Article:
Professor Stephen Bailey
Stephen Bailey is Professor of Public Law at the School of Law, University of Nottingham. Among the positions he has held are those of Chair of the Committee of Heads of University Law Schools (CHULS), and Hon. Secretary and President of the Society of Legal Scholars.
Anthony (Tony) Bradney is emeritus professor of law at Keele University, having previously held chairs in law at the University of Sheffield and the University of Leicester; his research interests focus on university legal education, and law and religion. He is also a Senior Research Fellow at the Institute of Advanced Legal Studies, and a Fellow of both the Academy of Social Sciences and the Royal Society of Arts. He has fulfilled a variety of executive roles for both the Socio-Legal Studies Association and the Society of Legal Scholars, and became Chair of the SALS Advisory Group in 2019. In 2018 he was jointly awarded (with Fiona Cownie) the Socio-Legal Studies Association’s annual prize for contributions to the socio-legal community.
Upper Tribunal Judge Elizabeth Cooke
Lizzie Cooke is a solicitor; she was a professor of law at Reading University from 2003 to 2015. From 2008 to 2015 she was a Law Commissioner for England and Wales with responsibility for property, family and trusts law. From 2015 to 2019 she was a Principal Judge in the First-tier Tribunal. She is now a Judge of the Lands Chamber of the Upper Tribunal, and also a Deputy High Court Judge in the administrative Court and in the Chancery Division.
Professor Alisdair Gillespie
Alisdair A. Gillespie is Professor of Criminal Law and Justice and Head of Lancaster University Law School. His expertise is in cybercrime, particularly sexual offences that are facilitated by Information and Communication Technologies. He also has a long-standing interest in Legal Education. Alisdair is currently a member of the executive of the Committee of Heads of UK Law Schools (CHULS).
Andrew Halper qualified as a barrister and solicitor in British Columbia in 1982, and subsequently as an English solicitor. Prior to joining Canada's diplomatic service in 1989, he worked as a prosecutor in Vancouver, and then in private practice. After a posting to China he left the diplomatic service in 1994 and led the Beijing office of an international firm. In 1998 Andrew left Beijing and joined Dentons LLP’s London office as a corporate partner, specialising in China-related work. He later worked at other large London firms until 2017. Whilst practising full-time he lectured in Chinese law at SOAS, Cambridge University and Oxford University.
Andrew now serves as a magistrate in London, as Chair of the British Refugee Council, and as a member of the governing body of the University of London. He was educated at the University of British Columbia (BA in Chinese and LLB in Law), and the University of Paris-Sorbonne (DEA in African law).
Camilla Lamont is a barrister at Landmark Chambers who specialises in all aspects of property litigation but with a particular emphasis on commercial and development work.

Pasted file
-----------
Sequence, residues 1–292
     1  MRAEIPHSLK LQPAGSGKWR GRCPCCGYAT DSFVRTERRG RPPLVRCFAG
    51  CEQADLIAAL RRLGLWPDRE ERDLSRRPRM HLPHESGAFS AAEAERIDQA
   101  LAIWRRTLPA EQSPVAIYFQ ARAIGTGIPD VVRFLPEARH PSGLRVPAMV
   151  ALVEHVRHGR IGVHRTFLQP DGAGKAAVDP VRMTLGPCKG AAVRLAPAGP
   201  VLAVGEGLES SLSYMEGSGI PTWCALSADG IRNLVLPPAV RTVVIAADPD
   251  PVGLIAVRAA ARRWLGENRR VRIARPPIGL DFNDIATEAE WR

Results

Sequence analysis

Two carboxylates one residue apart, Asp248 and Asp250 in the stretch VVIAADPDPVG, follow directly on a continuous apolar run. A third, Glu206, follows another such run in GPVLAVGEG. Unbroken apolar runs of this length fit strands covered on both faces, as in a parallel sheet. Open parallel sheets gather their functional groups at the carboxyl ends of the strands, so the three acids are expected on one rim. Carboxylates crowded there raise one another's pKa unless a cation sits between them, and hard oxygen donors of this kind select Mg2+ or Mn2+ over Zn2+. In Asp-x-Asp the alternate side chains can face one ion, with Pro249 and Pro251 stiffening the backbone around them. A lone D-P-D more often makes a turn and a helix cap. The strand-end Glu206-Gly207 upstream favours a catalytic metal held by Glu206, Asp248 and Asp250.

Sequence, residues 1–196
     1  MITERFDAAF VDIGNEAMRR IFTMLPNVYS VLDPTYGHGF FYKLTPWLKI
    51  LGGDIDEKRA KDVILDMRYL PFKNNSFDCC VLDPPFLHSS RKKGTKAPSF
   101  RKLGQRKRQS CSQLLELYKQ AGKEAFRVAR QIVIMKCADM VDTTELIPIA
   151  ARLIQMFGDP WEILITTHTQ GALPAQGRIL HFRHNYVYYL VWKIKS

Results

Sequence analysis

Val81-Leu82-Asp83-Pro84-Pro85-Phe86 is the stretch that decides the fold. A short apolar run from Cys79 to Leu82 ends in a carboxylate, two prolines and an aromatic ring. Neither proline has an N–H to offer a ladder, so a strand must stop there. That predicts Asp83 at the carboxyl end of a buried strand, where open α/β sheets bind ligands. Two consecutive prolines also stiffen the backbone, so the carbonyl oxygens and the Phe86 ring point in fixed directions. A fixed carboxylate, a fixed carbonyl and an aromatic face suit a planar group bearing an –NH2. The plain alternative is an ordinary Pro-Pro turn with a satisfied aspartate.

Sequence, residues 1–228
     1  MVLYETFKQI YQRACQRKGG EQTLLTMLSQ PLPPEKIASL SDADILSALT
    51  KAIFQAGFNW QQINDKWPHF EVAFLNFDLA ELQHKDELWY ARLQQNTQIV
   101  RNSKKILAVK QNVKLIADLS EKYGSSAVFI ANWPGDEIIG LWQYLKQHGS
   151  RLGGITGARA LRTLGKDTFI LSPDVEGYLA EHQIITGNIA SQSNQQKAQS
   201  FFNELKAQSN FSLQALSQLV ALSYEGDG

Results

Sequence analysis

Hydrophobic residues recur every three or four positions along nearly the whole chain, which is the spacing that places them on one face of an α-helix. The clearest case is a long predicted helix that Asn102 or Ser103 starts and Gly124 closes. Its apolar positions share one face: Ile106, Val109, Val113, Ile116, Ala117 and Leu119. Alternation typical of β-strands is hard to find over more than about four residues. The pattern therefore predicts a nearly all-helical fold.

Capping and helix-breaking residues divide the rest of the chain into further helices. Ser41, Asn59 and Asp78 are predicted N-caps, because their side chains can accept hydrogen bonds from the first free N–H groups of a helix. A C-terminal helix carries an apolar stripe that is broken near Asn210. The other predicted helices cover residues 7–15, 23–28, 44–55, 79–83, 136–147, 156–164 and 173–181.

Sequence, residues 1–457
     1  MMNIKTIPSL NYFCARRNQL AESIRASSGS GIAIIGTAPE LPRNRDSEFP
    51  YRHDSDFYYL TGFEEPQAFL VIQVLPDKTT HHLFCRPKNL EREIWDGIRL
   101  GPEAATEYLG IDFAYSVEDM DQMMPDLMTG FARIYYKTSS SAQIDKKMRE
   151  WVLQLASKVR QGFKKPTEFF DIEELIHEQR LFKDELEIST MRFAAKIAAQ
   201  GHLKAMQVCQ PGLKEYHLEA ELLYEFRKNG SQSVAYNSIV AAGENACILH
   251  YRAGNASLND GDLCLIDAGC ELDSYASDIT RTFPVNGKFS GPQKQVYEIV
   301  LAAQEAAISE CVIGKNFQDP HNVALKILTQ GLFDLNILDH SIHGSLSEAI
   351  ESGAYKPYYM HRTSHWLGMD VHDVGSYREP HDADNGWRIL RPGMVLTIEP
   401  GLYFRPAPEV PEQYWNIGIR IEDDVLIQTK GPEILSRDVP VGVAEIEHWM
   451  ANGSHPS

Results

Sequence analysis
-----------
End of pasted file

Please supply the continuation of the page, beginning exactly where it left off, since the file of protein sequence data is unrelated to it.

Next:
She was educated at Lincoln College, Oxford, where she obtained a first class honours on the BCL, and was called to the Bar by the Middle Temple in 1995. She is an editor of Hill & Redman’s Law of Landlord & Tenant and has previously taught at Oxford University as a lecturer on commercial leases and real property. Camilla is also a qualified mediator.
Camilla has been ranked for many years in the legal directories as a leading junior in property litigation and she was named Real Estate Junior Barrister of the year at the Chambers & Partners UK Bar Awards 2017.
Camilla sits on the Independent Decision Making Body of the Bar Standards Board, is a Senior Reviewing Barrister for Advocate (formerly the Bar Pro Bono Unit) and a member of the Chancery Bar Association, the Property Bar Association and UKELA. She is currently Chair of Landmark Chambers’ Equality, Diversity and Wellbeing Committee.
Linda Mulcahy is the Professor of Socio-Legal Studies and the Director of the Centre for Socio-Legal Studies. She has degrees in law, legal theory, sociology and art history and her work has a strong interdisciplinary flavour. Linda has previously held posts at the LSE, Birkbeck, the Law Commission and Bristol University where she has been a Head of Department, Dean of Arts and Director of PhD programmes. She specialises in dispute resolution and the ways in which lay users experience the legal system. Linda has undertaken a number of empirical studies of disputes between business people in the car distribution industry, divorcing couples, doctors and patients and neighbours on council estates. Her work has been funded by a range of bodies including the Economic and Social Research Council, the Arts and Humanities Research Council, the Nuffield Foundation, the Department of Health, the NHS Executive, the Leverhulme Trust and the Lotteries Board.
Linda’s publications span a number of different topics including the socio-legal dynamics of disputes, the design of law courts, feminist and relational perspectives on contract law, visual representations of law and legal methodology. Her most recent book, The Democratic Courthouse authored with Emma Rowden, was published in November 2019. Linda served as an editor of the International Journal of Social and Legal Studies for ten years and is currently a member of the Advisory Board of the Journal of Law and Society. Linda is currently a Visiting professor at ANU Law School and a member of the Council of JUSTICE.